The Australian Feminist Judgments Project recognises that there has been an incremental increase in the number of women judges presiding in Australian courts in recent years. The efforts made by Australian governments to increase gender balance in the judiciary have been premised upon the need to provide equality of opportunity for women lawyers and to maintain the legitimacy of the legal system by ensuring that the judiciary is more representative of the population it serves. However, the effects of this gender diversity on judicial subjectivity, jurisprudential method and substantive decision-making have not been systematically explored.

Interviews are being conducted with currently-sitting and retired judicial officers as well as judgment authors who are rewriting decisions.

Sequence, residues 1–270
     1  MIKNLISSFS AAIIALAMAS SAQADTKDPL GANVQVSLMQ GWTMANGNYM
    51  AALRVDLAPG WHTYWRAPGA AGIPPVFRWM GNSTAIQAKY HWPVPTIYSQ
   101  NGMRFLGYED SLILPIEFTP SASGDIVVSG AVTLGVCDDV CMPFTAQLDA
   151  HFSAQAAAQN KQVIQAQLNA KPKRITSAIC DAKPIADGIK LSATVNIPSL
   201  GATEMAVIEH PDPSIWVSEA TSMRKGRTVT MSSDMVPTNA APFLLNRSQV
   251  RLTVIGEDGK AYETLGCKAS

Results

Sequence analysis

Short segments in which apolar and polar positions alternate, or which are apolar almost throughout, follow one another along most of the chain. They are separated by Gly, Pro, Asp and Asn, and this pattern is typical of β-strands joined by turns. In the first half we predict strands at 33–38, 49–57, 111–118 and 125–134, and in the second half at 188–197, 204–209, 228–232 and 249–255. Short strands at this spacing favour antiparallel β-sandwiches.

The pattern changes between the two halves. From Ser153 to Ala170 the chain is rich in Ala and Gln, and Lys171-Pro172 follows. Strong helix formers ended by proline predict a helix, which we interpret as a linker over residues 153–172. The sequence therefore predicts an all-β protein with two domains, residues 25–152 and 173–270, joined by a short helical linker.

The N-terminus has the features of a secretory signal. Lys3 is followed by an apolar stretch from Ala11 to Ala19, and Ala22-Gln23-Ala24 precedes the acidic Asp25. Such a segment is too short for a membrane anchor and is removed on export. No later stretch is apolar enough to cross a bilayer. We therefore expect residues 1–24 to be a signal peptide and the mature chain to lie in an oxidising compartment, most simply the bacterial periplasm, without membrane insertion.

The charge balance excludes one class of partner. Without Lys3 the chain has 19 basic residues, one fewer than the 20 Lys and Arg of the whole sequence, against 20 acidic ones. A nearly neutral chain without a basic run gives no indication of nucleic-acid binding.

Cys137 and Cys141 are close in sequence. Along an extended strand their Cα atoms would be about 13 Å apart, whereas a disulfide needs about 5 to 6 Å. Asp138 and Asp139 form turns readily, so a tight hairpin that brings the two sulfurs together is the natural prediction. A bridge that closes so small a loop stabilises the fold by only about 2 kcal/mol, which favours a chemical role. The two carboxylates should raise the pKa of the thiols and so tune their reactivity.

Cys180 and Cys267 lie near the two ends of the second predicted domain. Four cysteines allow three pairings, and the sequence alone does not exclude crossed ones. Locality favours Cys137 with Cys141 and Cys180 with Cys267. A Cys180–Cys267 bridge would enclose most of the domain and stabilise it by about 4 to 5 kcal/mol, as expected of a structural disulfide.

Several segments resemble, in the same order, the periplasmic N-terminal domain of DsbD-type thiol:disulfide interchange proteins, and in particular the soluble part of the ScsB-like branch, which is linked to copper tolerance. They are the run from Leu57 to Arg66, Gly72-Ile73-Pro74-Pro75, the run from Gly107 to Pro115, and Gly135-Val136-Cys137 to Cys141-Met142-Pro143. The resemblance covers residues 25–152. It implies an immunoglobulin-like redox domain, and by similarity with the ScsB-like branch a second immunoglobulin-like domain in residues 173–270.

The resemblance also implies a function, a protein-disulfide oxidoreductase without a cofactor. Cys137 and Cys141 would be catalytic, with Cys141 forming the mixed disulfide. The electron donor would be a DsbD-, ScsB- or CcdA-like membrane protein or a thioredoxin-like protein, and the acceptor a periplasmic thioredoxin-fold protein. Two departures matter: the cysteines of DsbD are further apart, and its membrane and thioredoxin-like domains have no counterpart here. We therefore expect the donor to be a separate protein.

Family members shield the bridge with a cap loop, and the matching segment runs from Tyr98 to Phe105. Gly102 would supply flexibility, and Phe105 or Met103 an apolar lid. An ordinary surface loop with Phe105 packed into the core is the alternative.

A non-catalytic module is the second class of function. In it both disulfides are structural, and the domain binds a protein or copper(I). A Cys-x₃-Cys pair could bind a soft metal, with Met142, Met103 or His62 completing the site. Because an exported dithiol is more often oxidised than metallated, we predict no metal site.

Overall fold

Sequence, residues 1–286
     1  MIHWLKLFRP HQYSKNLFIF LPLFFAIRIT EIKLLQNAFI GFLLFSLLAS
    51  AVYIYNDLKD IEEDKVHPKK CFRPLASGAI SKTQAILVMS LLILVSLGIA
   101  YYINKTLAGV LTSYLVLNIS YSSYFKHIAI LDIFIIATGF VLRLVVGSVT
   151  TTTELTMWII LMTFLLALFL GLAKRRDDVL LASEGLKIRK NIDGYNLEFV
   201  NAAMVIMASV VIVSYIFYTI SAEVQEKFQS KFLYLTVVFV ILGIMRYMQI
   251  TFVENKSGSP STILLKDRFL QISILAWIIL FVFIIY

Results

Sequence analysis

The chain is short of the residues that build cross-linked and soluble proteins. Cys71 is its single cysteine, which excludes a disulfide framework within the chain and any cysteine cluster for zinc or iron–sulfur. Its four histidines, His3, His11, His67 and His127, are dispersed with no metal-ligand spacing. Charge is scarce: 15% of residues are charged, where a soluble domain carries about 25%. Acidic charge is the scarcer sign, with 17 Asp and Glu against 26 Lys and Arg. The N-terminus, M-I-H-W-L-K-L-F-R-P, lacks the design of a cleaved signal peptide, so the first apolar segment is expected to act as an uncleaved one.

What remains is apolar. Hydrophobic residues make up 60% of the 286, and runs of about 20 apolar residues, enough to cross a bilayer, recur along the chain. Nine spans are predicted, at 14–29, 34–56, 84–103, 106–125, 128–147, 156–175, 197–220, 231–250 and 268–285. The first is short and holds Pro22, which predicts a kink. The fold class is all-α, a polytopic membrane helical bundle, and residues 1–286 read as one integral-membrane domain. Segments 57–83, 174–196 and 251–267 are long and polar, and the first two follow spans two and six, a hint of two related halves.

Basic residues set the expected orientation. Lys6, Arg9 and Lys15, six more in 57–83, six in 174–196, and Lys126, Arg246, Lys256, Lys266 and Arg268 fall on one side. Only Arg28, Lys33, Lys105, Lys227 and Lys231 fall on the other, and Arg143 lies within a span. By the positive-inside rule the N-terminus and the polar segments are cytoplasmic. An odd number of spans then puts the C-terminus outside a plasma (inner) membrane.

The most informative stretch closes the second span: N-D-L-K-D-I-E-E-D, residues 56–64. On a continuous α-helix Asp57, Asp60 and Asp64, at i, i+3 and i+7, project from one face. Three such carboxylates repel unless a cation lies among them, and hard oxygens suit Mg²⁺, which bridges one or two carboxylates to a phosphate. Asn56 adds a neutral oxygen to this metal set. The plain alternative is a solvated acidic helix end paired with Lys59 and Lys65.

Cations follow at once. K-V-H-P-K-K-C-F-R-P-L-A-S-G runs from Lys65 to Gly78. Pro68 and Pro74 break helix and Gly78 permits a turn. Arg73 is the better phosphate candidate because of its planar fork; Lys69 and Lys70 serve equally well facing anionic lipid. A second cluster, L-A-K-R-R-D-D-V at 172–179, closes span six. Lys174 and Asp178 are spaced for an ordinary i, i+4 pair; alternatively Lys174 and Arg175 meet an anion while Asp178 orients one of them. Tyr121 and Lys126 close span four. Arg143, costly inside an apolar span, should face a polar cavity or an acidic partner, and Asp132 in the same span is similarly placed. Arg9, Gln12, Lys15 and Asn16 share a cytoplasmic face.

Interviews with judicial officers

The project investigators are conducting a series of face-to-face interviews with current and retired judges, Magistrates and tribunal members from a number of Australian jurisdictions. Approximately 35 judicial officers, including currently sitting and retired senior members of the judiciary, have agreed to participate in interviews in which they reflect on their approaches to and experiences of legal decision-making. These recorded interviews are a rich source of rare research material, which will be drawn upon in analysis to be published in scholarly publications.

Interviews with judgment re-writers

After completing the alternative feminist judgments, judgment re-writers were interviewed to elicit comments by the authors on the experience of writing decisions, including the feminist perspectives and approaches drawn upon, the methods and materials used, constraints experienced, whether the judgment turned out as expected and what they have learnt about the potential of law and legal reasoning to engage feminist principles.

See H Douglas, F Bartlett, T Luker and R Hunter, 'Reflections on Rewriting Law' in H Douglas, F Bartlett, T Luker and R Hunter eds. Australian Feminist Judgments: Righting and Rewriting Law (Hart, 2014) pp19-36: